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was Outou, and who, as before has been ob.. served, was a minor. Whappai, Oamo, and Tootahah, were brothers : Whappai was the eldeít, and Oamo the second ; fo that, Whappai having no child but Outou, Terridiri, the fon of his next brother Oamo, was heir to the fovereignty. It will, perhaps, seem strange that a boy should be sovereign during the life of his father ; but, according to the custom of the country, a child succeeds to a father's title and authority as soon as it is born: a regent is then elected, and the father of the new sovereign is generally continued in his authority, under that title, till his child is of age; but, at this time, the choice had fallen upon Tootahah, the uncle, in consequence of his having distinguished him. self in a war. Oamo asked many questions con. cerning England and its inhabitants, by which he appeared to have great shrewdness and understanding:

CHAR, CH A P. XV.

An Account of the Circumnavigation of the

Island, and various Incidents that happened during the Expedition ; with a Description of a Burying-place and Place of Worship, called a Morai.

O n Monday the 26th, about three o'clock 1769.

juné. in the morning, I set out in the pinnace, un accompanied by Mr. Banks, to make the circuit Monday 26. of the island, with a view to sketch out the coast and harbours, We took our route to the eastward, and about eight in the forenoon we went on shore, in a district called OAHOUNUE, which is governed by Anio, a young Chief, whom we had often seen at the tents, and who favoured us with his company to breakfast. Here also we found two other natives of our old acquaintance, TITUBOALO and Hoona, who carried us to their houses, near which we saw the body of the old woman, at whose funeral rites Mr. Banks had aflisted, and which had been removed hither from the spot where it was first deposited, this place having descended from her by inheritance to Hoona, and it being necessary on that ac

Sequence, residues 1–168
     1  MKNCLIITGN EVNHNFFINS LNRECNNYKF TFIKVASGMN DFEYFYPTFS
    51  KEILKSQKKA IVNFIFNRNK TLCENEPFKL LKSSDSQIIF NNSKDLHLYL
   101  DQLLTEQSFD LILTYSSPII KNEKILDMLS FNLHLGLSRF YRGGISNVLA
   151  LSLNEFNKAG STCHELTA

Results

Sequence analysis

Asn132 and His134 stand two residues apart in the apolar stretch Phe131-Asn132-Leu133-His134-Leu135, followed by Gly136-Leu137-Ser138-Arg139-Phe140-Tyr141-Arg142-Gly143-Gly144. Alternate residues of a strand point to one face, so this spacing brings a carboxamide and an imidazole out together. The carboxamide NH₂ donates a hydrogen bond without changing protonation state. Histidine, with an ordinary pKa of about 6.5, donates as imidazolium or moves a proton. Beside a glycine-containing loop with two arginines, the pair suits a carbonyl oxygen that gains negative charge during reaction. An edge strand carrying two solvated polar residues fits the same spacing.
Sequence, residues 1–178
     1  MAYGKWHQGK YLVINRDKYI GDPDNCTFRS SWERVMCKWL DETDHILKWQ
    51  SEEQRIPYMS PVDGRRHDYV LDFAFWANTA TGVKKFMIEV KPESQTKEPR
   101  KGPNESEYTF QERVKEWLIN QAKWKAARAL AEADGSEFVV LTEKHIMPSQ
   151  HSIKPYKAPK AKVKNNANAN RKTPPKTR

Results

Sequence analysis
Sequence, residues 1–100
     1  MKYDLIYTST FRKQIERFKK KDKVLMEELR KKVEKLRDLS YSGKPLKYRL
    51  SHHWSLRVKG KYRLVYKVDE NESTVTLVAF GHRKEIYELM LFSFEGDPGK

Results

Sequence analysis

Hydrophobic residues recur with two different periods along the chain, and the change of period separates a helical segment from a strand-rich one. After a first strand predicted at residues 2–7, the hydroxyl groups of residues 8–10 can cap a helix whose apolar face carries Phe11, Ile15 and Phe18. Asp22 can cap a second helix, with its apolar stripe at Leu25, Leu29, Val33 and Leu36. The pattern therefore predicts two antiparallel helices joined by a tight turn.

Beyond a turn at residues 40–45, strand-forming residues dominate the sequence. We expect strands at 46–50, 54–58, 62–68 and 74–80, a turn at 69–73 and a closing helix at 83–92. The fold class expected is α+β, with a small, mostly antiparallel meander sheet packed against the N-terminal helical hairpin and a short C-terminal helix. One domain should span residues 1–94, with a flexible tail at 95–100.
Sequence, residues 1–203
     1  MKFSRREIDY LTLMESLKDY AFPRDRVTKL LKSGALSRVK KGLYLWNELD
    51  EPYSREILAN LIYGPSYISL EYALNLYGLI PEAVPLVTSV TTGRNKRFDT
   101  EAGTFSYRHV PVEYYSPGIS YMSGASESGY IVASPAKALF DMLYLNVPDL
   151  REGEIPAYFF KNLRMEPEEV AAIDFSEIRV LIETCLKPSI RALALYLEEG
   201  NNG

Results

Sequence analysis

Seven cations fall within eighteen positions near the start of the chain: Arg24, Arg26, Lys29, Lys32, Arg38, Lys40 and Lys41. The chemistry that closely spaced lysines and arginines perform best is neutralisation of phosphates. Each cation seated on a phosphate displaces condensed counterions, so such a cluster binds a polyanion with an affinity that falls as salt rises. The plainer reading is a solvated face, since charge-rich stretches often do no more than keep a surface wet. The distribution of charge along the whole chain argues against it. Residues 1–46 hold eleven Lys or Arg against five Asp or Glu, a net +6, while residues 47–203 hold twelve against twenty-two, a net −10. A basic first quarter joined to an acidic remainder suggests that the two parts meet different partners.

count

1769. count that it should lie here. We then proceedJune.

ed on foot, the boat attending within call, to Monday 26.

the harbour in which Mr. Bougainville lay, called OHIDEA, where the natives fhewed us the ground upon which his people pitched their tent, and the brook at which they watered, though no trace of them remained, except the holes where the poles of the tent had been fixed, and a small piece of potsheard, which Mr. Banks found in looking narrowly about the spot. We met, however, with OREȚTE, a Chief who was their principal friend, and whose brother OuTORROU went away with them.

This harbour lies on the west side of a great bay, under shelter of a small island called Boou. ROU, near which is another called TAAWIRRII; the breach in the reefs is here very large, but the shelter for the ships is not the best.

Soon after we had examined this place, we took boat, and asked Tituboalo to go with us to the other side of the bay ; but he refused, and advised us not to go, for he faid the country there was inhabited by people who were not sub. ject to Tootahaḥ, and who would kill both him and ys. Upon receiving this intelligence, we did not, as may be imagined, relinquish our çnterprise ; but we immediately loaded our